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Appendix I Alternative models for creep and shrinkage


A.1 Introduction
In Sections 2.5.2 and 2.5.3, two relatively simple procedures for determining the magnitude and rate of development of the creep coefficient and shrinkage strain were presented. Many more complex procedures have been developed and are recommended by the various concrete authorities. A description and comparison of some of the better known techniques has been presented by Gilbert (1986,1988). In this Appendix, two well known and widely used procedures are outlined.

A.2 The ACI Committee 209 method (1978)


Creep The ACI Committee 209 (1978) adopts a hyperbolic function to represent the relationship between creep and age at first loading: (A.1) where is the age of the concrete at first loading (in days), is the duration of loading (in days), and is the final creep coefficient for concrete first loaded at age and is expressed as (A.2) where 1 to 6 are correction factors which account for many of the parameters that affect the magnitude of creep. 1 depends on the age of concrete at the time of first loading, , and is

Page 491 given by (A.3)

(in percent): 2 is a function of the relative humidity, (A.4) 3 accounts for the size and shape of the member and depends on the dimension ho given by 4V /S, where V/ S is the volume to surface ratio. When , 3 is obtained from
h o (mm) 3 50 1.30 75 1.17 100 1.11 125 1.04 150 1.00

When 150 mm<ho<380 mm: (A.5)

and when (A.6) 4 to 6 account for parameters associated with the composition of the concrete; specifically, 4 depends on the slump of the fresh concrete, s (in mm); is a function of the ratio of the fine 5 aggregate to total aggregate by weight, (in percent); and 6 accounts for the air content, a (in percent): (A.7)

(A.8) and (A.9) Under a constant stress o first applied at age , the load-dependent strain

Page 492 at time t is (A.10)

where is obtained from Equation 2.6. The concrete strength at age may be obtained from the 28 day strength using Equation 2.2. Shrinkage The shrinkage strain at time t, measured from the start of drying, is given by (A.11)

where

is the final shrinkage and may be calculated from (A.12)

The factors to in Equation A.12 depend on the same parameters as the corresponding factors for creep ( 2 to 6), and are given by (A.13)

When

is given by (A.14)

When (A.15)

Page 493 and when ho>380 mm: (A.16)

(A.17)

(A.18)

(A.19)
3 The term 7 depends on the cement content, c (in kg/m ) and is determined from

(A.20) Finally, 8 is a function of the period of initial moist curing T c (in days) and is given by (A.21)

For concrete which is steam cured for a period of between one and three days, 8=1.0.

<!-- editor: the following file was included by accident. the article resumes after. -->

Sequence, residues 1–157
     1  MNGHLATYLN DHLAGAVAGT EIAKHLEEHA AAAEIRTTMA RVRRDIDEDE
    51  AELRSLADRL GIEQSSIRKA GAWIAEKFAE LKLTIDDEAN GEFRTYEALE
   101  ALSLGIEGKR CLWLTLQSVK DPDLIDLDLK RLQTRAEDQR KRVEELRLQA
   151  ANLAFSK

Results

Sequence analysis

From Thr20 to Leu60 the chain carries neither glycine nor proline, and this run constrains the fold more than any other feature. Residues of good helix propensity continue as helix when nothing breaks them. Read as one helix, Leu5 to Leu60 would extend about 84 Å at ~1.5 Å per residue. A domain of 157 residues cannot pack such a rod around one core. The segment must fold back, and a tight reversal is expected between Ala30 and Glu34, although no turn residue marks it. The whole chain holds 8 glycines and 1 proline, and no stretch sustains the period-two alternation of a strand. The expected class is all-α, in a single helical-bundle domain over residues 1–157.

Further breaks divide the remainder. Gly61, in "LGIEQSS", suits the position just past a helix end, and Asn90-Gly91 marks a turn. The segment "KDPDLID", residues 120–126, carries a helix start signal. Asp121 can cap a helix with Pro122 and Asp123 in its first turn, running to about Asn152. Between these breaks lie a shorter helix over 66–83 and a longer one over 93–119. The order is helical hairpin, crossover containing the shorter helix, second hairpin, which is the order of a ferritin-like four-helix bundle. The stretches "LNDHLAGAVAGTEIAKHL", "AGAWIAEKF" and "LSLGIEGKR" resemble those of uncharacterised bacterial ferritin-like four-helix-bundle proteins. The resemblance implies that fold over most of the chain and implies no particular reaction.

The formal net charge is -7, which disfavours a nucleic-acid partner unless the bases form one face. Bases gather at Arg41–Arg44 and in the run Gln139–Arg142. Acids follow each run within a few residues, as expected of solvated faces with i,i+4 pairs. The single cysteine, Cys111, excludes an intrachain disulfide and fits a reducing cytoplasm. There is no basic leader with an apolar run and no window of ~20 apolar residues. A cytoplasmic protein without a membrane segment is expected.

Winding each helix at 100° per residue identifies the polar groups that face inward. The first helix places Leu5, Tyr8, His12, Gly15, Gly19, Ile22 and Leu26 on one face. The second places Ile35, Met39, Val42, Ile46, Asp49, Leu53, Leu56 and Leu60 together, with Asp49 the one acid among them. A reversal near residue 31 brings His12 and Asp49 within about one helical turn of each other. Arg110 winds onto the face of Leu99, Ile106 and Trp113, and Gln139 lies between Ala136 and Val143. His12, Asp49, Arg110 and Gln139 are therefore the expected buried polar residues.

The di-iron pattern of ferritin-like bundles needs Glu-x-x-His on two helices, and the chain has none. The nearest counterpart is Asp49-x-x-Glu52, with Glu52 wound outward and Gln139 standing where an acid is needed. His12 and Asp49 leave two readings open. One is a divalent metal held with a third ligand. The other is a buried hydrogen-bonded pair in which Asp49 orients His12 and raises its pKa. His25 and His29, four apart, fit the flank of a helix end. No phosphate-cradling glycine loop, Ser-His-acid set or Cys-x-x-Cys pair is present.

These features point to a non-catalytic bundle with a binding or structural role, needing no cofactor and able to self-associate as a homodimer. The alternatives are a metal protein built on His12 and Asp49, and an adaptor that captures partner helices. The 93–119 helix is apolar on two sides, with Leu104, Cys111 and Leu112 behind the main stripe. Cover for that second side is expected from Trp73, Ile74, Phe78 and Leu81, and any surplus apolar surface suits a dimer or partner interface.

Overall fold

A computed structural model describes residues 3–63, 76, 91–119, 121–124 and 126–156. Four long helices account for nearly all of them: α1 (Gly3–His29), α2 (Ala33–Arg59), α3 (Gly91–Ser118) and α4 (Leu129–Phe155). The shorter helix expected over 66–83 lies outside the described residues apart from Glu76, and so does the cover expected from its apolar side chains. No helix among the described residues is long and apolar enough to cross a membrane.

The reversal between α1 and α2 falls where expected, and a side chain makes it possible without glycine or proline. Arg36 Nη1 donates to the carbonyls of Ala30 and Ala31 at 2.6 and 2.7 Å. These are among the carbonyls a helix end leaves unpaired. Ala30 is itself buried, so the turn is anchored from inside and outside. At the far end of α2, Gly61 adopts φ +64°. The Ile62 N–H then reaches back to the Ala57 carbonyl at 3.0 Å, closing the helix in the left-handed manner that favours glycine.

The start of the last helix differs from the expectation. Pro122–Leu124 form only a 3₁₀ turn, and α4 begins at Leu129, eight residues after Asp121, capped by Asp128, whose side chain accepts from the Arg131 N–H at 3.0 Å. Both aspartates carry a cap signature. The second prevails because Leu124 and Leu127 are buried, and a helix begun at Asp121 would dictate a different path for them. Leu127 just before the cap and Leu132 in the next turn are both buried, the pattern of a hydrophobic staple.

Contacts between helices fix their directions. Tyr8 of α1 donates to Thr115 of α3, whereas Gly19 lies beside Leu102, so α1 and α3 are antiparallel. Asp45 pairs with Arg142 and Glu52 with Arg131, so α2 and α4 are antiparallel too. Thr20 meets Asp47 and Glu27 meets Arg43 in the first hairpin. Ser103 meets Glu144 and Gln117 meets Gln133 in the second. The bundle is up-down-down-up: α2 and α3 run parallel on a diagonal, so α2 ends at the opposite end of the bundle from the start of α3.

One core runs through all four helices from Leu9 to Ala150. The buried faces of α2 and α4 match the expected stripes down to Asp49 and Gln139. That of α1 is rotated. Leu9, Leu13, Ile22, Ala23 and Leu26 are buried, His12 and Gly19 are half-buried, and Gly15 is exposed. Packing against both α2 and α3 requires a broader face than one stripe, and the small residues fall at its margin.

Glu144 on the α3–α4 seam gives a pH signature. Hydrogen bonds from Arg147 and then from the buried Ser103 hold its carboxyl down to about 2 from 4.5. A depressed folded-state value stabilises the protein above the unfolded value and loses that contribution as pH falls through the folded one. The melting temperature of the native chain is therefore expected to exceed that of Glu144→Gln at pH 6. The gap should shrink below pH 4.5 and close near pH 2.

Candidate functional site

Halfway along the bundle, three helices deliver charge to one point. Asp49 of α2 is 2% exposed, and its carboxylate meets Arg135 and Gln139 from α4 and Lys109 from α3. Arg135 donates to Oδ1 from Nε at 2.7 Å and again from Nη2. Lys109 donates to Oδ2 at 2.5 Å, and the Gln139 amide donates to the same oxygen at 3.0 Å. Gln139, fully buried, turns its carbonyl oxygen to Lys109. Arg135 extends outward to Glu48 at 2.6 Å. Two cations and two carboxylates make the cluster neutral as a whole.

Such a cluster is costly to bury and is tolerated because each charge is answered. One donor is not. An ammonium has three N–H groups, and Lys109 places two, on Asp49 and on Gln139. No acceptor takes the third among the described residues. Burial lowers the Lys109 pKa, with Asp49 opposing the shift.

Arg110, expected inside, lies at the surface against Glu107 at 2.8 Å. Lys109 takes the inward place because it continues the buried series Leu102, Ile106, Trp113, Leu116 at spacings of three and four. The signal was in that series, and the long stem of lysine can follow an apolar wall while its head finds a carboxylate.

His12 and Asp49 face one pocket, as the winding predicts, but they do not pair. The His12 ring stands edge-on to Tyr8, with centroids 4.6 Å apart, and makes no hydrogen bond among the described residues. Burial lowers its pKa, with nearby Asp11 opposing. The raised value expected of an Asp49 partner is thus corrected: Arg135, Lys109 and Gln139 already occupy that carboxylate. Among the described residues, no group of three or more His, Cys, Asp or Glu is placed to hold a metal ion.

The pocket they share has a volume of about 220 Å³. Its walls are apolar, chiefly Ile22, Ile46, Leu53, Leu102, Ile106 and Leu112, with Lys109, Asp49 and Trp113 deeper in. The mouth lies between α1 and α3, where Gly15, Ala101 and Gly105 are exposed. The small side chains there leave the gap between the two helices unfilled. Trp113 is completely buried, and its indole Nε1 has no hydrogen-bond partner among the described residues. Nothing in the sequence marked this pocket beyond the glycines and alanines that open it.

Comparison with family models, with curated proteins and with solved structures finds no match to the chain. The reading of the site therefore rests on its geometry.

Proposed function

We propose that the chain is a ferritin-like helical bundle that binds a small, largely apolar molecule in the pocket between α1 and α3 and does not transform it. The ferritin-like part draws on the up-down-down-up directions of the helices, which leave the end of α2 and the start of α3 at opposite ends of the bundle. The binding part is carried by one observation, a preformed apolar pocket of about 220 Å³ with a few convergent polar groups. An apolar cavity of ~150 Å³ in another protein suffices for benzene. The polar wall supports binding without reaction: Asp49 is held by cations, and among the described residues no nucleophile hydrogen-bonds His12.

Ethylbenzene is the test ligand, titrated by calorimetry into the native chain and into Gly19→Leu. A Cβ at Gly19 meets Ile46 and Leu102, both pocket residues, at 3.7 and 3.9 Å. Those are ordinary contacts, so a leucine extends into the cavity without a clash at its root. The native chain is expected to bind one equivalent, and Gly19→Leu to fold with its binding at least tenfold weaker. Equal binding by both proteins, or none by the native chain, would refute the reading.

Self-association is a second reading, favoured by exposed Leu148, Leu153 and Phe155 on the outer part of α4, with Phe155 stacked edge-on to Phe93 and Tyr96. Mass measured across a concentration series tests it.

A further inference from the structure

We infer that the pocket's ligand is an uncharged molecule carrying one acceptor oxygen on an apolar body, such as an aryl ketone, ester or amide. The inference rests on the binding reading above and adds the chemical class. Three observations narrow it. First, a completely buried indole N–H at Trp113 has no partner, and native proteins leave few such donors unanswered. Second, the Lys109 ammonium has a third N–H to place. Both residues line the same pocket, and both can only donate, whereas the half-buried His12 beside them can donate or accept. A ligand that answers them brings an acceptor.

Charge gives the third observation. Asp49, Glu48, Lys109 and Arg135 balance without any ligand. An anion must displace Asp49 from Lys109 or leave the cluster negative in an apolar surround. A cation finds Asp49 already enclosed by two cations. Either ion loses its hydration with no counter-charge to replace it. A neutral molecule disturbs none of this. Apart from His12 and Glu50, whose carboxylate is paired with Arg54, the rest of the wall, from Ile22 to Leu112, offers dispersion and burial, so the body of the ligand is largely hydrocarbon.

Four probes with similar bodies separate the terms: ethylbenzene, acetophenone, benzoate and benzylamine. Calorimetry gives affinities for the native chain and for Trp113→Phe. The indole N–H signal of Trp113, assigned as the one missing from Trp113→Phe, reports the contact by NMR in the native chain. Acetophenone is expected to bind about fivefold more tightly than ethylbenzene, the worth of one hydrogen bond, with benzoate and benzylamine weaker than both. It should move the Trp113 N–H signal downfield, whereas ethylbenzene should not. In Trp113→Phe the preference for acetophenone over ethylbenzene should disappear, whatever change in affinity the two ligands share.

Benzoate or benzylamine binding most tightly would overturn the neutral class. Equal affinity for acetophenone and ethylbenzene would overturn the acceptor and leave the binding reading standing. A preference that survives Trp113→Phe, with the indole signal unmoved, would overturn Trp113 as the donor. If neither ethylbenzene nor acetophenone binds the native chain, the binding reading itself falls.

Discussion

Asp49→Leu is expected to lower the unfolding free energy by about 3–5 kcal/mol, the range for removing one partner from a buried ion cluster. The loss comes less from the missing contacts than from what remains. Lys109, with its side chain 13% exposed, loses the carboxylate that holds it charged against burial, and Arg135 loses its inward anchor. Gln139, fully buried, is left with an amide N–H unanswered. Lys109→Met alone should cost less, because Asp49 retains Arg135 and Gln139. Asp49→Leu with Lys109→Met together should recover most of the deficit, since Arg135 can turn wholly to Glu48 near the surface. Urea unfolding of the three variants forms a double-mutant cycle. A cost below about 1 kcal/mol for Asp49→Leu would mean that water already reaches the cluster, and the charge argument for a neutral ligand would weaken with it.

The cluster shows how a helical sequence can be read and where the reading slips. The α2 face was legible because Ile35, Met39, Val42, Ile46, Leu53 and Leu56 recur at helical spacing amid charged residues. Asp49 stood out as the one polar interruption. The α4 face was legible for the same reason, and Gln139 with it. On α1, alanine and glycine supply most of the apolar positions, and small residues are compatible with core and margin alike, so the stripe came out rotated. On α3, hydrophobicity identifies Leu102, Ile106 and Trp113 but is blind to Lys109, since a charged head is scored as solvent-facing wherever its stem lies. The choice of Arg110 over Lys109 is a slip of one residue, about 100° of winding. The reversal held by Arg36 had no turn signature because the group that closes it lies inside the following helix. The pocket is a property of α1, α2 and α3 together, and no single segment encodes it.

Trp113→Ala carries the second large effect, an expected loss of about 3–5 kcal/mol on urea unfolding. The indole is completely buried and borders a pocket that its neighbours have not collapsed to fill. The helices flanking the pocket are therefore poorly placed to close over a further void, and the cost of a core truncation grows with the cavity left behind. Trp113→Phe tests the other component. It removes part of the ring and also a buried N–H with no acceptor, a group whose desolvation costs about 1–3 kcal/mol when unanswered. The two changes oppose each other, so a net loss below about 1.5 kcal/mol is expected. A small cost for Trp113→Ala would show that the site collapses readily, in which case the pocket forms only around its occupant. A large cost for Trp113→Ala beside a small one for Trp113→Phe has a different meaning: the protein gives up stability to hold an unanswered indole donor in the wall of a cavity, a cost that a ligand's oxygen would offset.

A.3 The CEBFIP method (1978)


The method for predicting creep and shrinkage contained in the CEB-FIP Model Code (1978) is based on the method proposed by Rsch and Jungwirth (1976). Creep The creep strain at time t caused by a constant sustained stress o applied at time is assumed to be (A.22)

Page 494 where E c28 is the longitudinal modulus of deformation at 28 days and may be taken as (A.23)

The creep coefficient is therefore defined as the ratio of creep strain at time t to the instantaneous elastic strain at age 28 days. The total stress produced strain (instantaneous plus creep) at time t is given by (A.24) The creep coefficient is assumed to consist of a reversible delayed elastic component and an irreversible flow component, and is given in Equation A.25. The flow component is further sub-divided into an initial flow component (which occurs within the first 24 hours under load) and a subsequent flow component: (A.25) where is the final delayed elastic creep coefficient (i.e. the ratio of the final delayed elastic strain and the instantaneous strain at 28 days) and is taken to be 0.4. The delayed elastic creep coefficient is associated with the recoverable part of creep. The term is a function describing the development of the delayed elastic strain with time and may be calculated from (A.26) is the rapid initial flow and is given by (A.27)

The strength ratio

is obtained from (A.28)

Page 495 The flow coefficient in Equation A.25 is the sum of two components: (A.29) where depends on the relative humidity (in percent) and is given by (A.30) depends on the size of the member and may be obtained from Equation A.31 using the notional thickness ho (mm): (A.31) where (A.32) A c is the cross-sectional area of the member (in mm 2), u is the perimeter exposed to drying (in mm), and is a humidity coefficient obtained from (A.33)

The development of the subsequent (or delayed) flow component with time depends on the notional thickness ho and is described by the function the f (t). When function f (t) may be calculated from the following expression: (A.34) where =0.8+0.55 exp( 0.003ho) and =770+210 exp( 0.0043ho). The elastic modulus at the age of first loading to be used in Equation A.24 is (A.35)

and

is obtained from Equation A.28.